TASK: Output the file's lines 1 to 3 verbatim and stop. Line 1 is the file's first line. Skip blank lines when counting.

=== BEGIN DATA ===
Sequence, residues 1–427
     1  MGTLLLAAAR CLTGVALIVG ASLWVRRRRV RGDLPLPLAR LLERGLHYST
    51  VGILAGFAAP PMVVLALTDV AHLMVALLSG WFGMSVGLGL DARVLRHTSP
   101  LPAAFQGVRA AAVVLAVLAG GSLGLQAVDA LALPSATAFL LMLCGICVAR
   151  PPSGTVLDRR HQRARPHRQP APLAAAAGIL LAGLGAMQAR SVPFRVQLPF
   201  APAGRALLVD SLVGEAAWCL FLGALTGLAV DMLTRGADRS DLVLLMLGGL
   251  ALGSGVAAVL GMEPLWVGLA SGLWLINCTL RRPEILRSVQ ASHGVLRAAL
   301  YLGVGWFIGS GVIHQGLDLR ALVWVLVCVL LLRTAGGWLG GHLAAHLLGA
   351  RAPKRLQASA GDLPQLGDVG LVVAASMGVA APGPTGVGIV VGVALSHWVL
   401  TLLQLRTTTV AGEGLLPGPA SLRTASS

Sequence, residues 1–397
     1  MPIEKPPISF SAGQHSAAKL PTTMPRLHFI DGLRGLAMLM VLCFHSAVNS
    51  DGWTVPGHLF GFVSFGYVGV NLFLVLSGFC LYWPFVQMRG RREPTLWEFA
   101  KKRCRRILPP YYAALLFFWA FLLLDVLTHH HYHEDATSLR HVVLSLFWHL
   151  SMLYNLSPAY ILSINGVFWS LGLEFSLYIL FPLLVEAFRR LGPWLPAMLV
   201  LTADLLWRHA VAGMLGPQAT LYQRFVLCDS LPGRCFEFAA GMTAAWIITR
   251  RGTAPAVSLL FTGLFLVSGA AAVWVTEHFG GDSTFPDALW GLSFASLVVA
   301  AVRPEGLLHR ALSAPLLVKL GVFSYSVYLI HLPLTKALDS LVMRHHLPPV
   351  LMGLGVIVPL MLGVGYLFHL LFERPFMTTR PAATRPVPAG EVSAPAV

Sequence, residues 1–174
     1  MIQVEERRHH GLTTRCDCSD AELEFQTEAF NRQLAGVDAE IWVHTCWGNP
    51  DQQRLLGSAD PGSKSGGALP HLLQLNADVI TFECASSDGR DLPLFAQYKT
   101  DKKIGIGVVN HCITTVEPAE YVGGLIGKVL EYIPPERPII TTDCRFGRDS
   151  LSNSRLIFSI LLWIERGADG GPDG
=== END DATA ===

Sequence, residues 1–427
     1  MGTLLLAAAR CLTGVALIVG ASLWVRRRRV RGDLPLPLAR LLERGLHYST
    51  VGILAGFAAP PMVVLALTDV AHLMVALLSG WFGMSVGLGL DARVLRHTSP